• Exposure to hazardous physical conditions.
  • Conflict or poor communication between peers. 
  • Conflict between supervisors/managers and workers.
  • Violence, bullying or harassment (including sexual).
  • Lack of consultation, feedback, training or support.
  • Lack of recognition and reward.
  • Isolated or remote work.

All of these situations are factored into our resource design. 

Identifying Psychosocial Hazards by being Resourceful

Both team and executive leaders can often identify psychosocial hazards simply by watching and thinking. Leaders can be intuitive and proactive by:

  • Remembering what it was like when they worked in those roles, 
  • Mentally rehearsing and watching work as it is being done, 
  • Working in those roles from time to time (if appropriate), 
  • Routinely checking absence and injury reports.
  • Conducting Q&A sessions with workers, surveys and assessments.

This is also worthy of special mention: If you encourage a cohesive work environment, one where people are rewarded for honesty (rather than punished), your workers will be more likely to identify what is happening in them, for them, around them and to their peers. Cultivating this sort of environment is incredibly helpful in combating these hazards.

Identifying and Managing Psychosocial Hazards by using Resources

Beyond these strategies, we suggest the following resources as very helpful in this area: 

All these resources are included in our WHS Management System and the newer ISO 45001 OH&S Management System, but they can also be accessed separately. 

Some Good News 

Here is some good news when working with this type of hazard:

  1. Our systems filter out psychological fluff and sociological filler.
  2. Though these hazards vary from person to person, you can effectively manage this complex area.
  3. These regulations help us remove the greys of worker interactions - especially regarding our new workers.
  4. The point is not what we call the hazard - it's all about how we manage it.

These are worthy of explanation.

Good News Item 1: Our Systems Remove the Fluff

If you're like me, you're sceptical - and you're right to be. Dare I say it out loud, but psychology and sociology punch above their weight these days. Sometimes the psycho-babble feels too political, too light on the science, and too vague. 

But we work in an industry built on systems, mechanisms, checks, checks and more checks. We're into measurement and quantifiable observation. We're into rating and responding to hazards according to assessed risk. The result is that we tend to cut to the core and spin off the fluff. 

Our WHS and OH&S resources are built on pragmatism and systems, and once you put them to work, you find a lot of the nonsense falls to the side.

Good News Item 2: Helping You Manage All those Individuals

Psychosocial hazards can be highly individualised, and our resources are designed to help you identify individuals within teams and particular hazards within a bigger picture.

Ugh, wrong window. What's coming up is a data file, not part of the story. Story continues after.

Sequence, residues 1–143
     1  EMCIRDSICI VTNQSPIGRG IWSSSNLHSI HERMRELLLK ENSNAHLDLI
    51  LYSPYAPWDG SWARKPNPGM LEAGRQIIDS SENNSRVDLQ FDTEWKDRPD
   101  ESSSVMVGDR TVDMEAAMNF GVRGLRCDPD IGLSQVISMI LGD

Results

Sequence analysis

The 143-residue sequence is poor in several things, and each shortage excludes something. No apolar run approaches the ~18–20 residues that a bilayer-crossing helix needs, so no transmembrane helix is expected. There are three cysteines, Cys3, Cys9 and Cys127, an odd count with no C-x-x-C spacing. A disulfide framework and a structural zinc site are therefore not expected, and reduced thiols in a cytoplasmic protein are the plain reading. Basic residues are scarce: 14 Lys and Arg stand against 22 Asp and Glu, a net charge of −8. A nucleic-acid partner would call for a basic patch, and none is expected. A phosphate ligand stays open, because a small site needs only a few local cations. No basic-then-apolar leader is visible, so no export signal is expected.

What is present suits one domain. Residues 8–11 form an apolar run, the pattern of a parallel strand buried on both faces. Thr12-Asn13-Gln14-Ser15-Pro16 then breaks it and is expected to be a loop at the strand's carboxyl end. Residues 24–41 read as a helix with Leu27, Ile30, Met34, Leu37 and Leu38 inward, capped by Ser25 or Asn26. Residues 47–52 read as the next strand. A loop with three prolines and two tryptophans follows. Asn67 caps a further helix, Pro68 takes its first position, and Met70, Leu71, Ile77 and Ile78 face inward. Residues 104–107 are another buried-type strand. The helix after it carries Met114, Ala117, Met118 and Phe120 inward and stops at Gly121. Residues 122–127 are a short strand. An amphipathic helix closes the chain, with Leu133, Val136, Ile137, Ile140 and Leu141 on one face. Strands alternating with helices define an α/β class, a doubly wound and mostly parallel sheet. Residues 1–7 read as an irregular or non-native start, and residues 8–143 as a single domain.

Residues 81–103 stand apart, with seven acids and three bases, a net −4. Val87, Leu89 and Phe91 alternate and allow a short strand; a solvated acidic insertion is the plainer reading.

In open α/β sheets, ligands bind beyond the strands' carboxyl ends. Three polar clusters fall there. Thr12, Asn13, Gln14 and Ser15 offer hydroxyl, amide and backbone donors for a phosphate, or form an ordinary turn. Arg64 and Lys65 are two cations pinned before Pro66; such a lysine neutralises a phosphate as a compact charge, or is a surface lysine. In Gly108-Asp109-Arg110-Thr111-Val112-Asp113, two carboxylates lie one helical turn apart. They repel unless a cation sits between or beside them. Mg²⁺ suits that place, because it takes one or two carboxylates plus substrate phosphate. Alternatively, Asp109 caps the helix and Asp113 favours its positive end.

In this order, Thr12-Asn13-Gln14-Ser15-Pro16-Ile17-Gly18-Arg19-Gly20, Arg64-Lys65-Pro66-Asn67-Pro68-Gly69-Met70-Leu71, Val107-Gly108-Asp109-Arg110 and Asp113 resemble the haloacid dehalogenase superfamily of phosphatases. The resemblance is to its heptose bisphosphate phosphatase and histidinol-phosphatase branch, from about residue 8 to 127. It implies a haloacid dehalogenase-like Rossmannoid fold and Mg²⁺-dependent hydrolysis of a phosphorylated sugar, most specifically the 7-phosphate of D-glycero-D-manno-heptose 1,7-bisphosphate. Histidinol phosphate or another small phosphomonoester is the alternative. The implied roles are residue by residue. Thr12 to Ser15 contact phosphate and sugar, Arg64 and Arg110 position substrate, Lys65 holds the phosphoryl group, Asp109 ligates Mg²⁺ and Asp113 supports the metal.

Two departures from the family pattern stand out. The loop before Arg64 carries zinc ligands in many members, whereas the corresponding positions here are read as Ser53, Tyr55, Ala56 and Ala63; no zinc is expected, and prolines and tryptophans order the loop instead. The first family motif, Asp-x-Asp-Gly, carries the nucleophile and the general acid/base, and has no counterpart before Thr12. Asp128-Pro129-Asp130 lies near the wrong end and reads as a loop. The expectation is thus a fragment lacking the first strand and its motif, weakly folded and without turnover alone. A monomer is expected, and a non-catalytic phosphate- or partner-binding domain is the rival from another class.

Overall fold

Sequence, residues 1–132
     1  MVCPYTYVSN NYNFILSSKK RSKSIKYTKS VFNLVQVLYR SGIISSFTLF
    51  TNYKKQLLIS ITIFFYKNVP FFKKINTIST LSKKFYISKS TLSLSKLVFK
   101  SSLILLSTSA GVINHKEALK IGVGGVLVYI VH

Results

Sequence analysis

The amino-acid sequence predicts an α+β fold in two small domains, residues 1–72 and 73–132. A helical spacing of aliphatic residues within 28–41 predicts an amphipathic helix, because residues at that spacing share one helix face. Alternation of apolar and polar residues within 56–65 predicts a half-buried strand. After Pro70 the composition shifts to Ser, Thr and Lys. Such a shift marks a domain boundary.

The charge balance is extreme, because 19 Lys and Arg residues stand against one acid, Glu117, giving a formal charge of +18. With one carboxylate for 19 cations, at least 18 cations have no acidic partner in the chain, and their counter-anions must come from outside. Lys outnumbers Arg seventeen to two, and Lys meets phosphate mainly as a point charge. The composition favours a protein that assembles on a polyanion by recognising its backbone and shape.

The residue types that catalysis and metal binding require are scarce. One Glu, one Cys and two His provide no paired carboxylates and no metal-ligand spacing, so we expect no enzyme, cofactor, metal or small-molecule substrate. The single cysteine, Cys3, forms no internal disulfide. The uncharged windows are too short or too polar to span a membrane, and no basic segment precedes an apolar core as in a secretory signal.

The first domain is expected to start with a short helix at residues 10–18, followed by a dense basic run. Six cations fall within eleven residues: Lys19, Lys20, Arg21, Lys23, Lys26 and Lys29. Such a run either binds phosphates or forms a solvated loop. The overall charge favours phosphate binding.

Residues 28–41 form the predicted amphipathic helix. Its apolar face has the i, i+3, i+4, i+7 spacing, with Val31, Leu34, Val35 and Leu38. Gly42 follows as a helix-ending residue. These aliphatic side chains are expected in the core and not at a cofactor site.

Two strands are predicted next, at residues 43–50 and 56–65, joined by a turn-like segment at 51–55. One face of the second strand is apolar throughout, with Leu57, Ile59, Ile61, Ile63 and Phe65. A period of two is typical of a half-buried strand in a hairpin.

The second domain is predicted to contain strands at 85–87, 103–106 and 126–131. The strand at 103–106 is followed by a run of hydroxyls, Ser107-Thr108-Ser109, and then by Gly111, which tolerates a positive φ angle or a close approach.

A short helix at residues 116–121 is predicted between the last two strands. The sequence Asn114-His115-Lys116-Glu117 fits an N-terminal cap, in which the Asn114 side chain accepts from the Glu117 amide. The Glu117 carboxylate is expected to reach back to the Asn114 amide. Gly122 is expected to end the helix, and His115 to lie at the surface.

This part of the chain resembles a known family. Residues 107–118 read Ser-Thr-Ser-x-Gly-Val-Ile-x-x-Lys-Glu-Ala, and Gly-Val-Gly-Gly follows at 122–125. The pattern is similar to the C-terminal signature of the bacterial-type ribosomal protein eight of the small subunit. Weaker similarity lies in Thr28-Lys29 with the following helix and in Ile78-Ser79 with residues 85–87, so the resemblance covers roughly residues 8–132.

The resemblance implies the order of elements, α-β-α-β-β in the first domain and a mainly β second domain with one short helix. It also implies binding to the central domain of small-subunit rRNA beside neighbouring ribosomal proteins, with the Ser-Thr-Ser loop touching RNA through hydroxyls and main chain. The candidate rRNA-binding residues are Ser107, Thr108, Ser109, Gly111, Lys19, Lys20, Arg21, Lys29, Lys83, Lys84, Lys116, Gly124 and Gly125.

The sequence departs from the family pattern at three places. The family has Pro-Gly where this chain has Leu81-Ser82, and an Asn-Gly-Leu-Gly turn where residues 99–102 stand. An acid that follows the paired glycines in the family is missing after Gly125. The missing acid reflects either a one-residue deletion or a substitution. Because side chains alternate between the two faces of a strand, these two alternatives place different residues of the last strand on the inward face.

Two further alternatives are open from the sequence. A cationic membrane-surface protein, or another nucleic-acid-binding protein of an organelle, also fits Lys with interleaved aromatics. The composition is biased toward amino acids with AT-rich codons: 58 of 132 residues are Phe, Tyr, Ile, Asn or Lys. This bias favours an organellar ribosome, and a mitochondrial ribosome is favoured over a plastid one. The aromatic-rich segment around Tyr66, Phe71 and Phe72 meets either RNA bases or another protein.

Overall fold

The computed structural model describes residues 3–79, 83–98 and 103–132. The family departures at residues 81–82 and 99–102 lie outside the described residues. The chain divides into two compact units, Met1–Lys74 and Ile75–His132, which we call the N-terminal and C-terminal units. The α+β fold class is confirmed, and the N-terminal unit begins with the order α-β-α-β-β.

Good News Item 3: Removing the 'Greys' 

I'm not too fond of grey areas. The 'greys' need to be clarified, and these regulations remove the grey. For example, the jibes, practical jokes and workplace ribbing that used to be part and parcel of many workplaces, especially for new people, are no longer okay. This isn't just because people are more fragile and 'precious' than in previous decades - though they probably are; it's also because today's legislation and regulation declare it unsatisfactory. It may well be true that they don't make beanbags like they used to, but that's the beanbag we're required to look after. 

The worker who says, "Come on, I'm just mucking around," may mean well, but when it impacts upon someone's mental health, that worker now needs to be told, "It doesn't matter. It has to stop. It's the law."

Good News Item 4: It Isn't About the Labels

Remember, this is just a new categorisation for a hazard that was already there. Don't get tied up with labels and classifications. It's like asking if a pile of LSD tabs in the workplace is a 'tripping' or psychological hazard. (🙂) It doesn't matter - just manage those hallucinogen risks! 

The regulations are focused on effective identification and even more effective solutions - not whether you use the correct label.

 

In closing, remember that we've got some great resources, and you can find them in our WHS Management System, and the newer OH&S (ISO 45001) Management System, or you can invest in them separately. 

Follow each of the links for a better understanding of each - and here's a tip: just in case you didn't know. You can right-click on each link and choose 'Open link in new tab'. It's a neat trick if you don't already know it.

 Those resources again were:   

And maybe just one more psychologist's joke before we go".
Q: How many narcissists does it take to change a lightbulb?
A: Just one. All they have to do is hold the bulb in place while the world revolves around them.

If you have any questions about anything, give us a call. You'll be speaking with a subject specialist and, quite possibly, the same specialist that will support you as a client in the years ahead. Our marketplace difference is twofold: the quality of resources and our extraordinarily personalised support - and we're competitively priced too. Call 1800 304 336 to learn more.